Christchurch was the last of the four cities to introduce electric trams. They had tried to introduce the system in 1902, but it was prior to the amalgamation of the boroughs, so with the advent of greater Christchurch and the Tramway Board being established, the work was able to be begun.
Unlike Auckland, Wellington and Dunedin, the electric tram service was built for the city council by a colonial firm, whilst the others had been built by foreign companies for their councils. It was hoped that once each line was finished and passed into the possession of the council, it would be a great saving to the city.
The fleet of electric trams cost £300,000 to replace the horse drawn trams. Electric trams had been trialed after Mr. Walter Prince of Dunedin had purchased a patent in 1887. They were faster than horse drawn trams and a lot quieter than the engines of the steam tram.
The opening of the new service on June 5th, 1905, was an important event for a city of little more than fifty thousand inhabitants.
Everybody who saw the electric trams take their “preliminary canter” yesterday must have come away satisfied with the efficacy of the new system. In place of the slow horse trams or the noisy steam motor they saw the electric cars gliding smoothly and silently along the rails. Unfortunately, the proceedings were marred by an accident, but the mishap was pure chance; and cannot be justly debited to the new service. For the rest, the electric tram system began its career in Christchurch under happy enough circumstances. The streets were muddy, but the sky overhead was bright, and the large gathering of invited guests who journeyed to Papanui and back seemed to appreciate both their novel experience and the welcome cup of tea at the end of it. 
Moreover, there is reason to suppose that it has been well and truly done. The permanent way has been firmly laid, the motor plant is powerful and up-to-date, and the cars bear evidence of excellent workmanship. Altogether, there is reason to believe that, the people of Christchurch will have cause to be well satisfied with their tramway system. By the time the service is complete, it will have cost them £300,000 but the money is being well spent. 
The twelve miles or so which had already been finished cost a little more than £100,000. The total expenditure per mile was £8,600, which was £1,000 less than the cost of the various other electric tramway systems in the colony. As far as cheapness is concerned: the municipally constructed service of Christchurch had already exhibited its superiority over the services of the other centres. After a twelve month trial, it was reported that, in regard to strength, solidity and general utility, the local system was an improvement on its rivals.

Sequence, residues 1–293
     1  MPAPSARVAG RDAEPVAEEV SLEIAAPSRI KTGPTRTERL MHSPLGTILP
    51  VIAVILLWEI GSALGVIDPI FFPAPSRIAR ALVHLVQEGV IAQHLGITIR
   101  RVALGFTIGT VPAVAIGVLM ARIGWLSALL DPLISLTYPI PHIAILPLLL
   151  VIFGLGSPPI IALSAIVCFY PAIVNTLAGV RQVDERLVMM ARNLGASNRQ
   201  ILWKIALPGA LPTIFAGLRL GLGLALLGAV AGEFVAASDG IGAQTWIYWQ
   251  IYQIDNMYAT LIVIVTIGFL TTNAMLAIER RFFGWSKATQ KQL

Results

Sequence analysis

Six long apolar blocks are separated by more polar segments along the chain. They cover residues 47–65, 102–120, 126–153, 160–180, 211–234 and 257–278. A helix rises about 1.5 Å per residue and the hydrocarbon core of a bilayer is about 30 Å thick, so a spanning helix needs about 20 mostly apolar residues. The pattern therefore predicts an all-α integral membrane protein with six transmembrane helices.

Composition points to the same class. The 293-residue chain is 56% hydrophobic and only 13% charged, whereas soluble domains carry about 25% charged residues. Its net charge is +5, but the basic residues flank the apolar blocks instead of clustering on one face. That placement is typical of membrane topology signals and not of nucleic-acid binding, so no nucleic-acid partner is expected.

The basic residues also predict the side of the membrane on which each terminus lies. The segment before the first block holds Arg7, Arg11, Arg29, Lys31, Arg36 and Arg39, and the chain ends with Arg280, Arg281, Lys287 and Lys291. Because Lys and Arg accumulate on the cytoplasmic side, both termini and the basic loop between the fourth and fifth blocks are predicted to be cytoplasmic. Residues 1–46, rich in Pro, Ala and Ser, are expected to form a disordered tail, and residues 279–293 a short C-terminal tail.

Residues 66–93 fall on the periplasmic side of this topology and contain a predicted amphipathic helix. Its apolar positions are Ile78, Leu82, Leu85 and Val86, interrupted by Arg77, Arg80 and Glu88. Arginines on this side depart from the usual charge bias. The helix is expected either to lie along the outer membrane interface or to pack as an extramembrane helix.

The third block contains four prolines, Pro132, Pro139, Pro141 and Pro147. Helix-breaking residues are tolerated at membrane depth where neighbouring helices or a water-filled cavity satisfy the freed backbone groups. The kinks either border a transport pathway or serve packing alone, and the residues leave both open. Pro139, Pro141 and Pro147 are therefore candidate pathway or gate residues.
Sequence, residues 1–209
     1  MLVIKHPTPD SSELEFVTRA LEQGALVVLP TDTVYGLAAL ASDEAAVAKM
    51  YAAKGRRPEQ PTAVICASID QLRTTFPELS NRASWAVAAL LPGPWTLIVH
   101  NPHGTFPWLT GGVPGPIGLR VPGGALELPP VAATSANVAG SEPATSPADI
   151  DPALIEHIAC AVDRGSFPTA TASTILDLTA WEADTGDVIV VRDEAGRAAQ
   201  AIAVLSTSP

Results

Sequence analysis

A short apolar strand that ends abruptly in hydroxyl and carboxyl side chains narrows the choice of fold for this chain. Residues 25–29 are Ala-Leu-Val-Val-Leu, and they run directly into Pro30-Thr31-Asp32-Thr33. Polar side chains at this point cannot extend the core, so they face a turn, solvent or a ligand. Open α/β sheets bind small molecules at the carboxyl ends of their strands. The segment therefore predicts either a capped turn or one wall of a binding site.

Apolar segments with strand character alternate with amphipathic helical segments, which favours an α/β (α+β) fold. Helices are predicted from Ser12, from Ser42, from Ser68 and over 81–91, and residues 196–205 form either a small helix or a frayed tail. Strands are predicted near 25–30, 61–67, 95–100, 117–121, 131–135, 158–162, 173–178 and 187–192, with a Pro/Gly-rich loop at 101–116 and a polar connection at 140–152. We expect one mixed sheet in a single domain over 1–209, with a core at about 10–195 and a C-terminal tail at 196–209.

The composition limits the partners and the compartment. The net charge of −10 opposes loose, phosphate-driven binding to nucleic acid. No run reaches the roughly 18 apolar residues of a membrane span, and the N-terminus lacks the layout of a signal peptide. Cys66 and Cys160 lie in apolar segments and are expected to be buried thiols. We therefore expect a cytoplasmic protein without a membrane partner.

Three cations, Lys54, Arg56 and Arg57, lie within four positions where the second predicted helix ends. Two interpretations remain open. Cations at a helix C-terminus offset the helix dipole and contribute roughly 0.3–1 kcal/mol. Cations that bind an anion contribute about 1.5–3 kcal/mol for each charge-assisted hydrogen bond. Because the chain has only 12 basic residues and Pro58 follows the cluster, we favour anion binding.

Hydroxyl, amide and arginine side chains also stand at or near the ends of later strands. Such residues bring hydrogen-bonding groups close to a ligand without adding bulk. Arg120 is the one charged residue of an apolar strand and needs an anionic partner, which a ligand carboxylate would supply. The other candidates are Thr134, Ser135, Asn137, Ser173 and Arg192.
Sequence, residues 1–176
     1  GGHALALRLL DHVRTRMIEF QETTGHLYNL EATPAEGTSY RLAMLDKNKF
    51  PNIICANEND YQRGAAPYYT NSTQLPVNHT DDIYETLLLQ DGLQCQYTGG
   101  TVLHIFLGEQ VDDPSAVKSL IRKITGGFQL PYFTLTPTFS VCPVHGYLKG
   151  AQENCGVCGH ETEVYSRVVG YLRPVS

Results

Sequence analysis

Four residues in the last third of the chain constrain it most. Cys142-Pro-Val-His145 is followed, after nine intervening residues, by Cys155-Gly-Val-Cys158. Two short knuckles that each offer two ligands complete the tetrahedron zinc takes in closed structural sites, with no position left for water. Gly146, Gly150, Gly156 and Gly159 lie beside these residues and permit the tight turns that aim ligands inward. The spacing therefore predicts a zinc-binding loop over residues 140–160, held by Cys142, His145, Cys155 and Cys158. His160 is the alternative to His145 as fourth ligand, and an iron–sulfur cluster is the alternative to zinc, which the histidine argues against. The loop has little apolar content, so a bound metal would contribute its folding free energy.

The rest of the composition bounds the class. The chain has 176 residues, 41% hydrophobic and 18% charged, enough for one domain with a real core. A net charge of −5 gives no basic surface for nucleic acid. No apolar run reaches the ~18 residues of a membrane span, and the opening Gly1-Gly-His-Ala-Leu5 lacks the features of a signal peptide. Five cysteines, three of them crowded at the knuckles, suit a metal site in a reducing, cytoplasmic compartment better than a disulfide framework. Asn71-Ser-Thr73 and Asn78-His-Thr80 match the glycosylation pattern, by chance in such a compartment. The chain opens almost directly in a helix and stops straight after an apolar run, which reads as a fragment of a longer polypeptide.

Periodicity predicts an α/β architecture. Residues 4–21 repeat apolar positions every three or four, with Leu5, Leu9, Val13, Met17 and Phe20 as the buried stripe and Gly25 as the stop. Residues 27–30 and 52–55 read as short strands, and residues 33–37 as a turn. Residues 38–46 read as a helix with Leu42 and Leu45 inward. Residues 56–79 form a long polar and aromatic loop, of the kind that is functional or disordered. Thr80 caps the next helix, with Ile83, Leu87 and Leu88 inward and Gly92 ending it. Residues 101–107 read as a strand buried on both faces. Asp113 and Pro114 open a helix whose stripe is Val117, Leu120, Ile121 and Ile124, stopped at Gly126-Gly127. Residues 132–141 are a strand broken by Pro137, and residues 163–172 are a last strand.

To celebrate the introduction of the electric trams, a grand opening procession was held in Cathedral Square on June 3rd, 1905. Though the sun had been shining brightly from a clear blue sky, ‘the conditions underfoot have been the reverse of pleasant’, the snow from the previous day’s storm had made the streets slushy and sodden. Although it was a cold and wet, large crowds of citizens gathered to see the latest additions to the new fleet of trams.
Rumour has it that on the official opening trip one city dignitary leaned so far out from the top of a double-decker that his top-hat suffered irreparable injury, and it was a mercy bordering on the miraculous that his head did not share the same fate. 
As a consequence of the successful introduction of the electric trams, 150 coach and tram horses were made redundant and put up for sale along with 50 sets of 2, 3 and 4 horse harnesses, 12 drags, 4 buses and a large quantity of rugs, collars, reins, gear and stable tools. The horses were considered to be ‘rather attractive’ and many of them fetched ‘exceptionally good’ prices. 
On the night before the grand opening, the Tramways Department, organised a trial run at Papanui. In the dark, a double decker tram and a convoy of single storey trams travelling behind it. To mark the occasion, a large number of the tram drivers posed for a photograph in front and on top of the tram.
“Well, I guess this is like old times,” and the speaker, a vivacious little lady from America, laughed merrily as she and a score or more fellow-passengers were whizzed through wintry wind and clinging fog at the rate of about eighteen miles an hour. It was Saturday night, and wanted a few minutes to the hour “when graveyards yawn” as a spick and span, brightly lighted electric car sped gaily along the Papanui road… The trial trip was made with the American single-deck car that did duty on the occasion of the preliminary run on Moorhouse Avenue about a fortnight ago, and it glided quickly out of the power house into the murky night just before 11.30…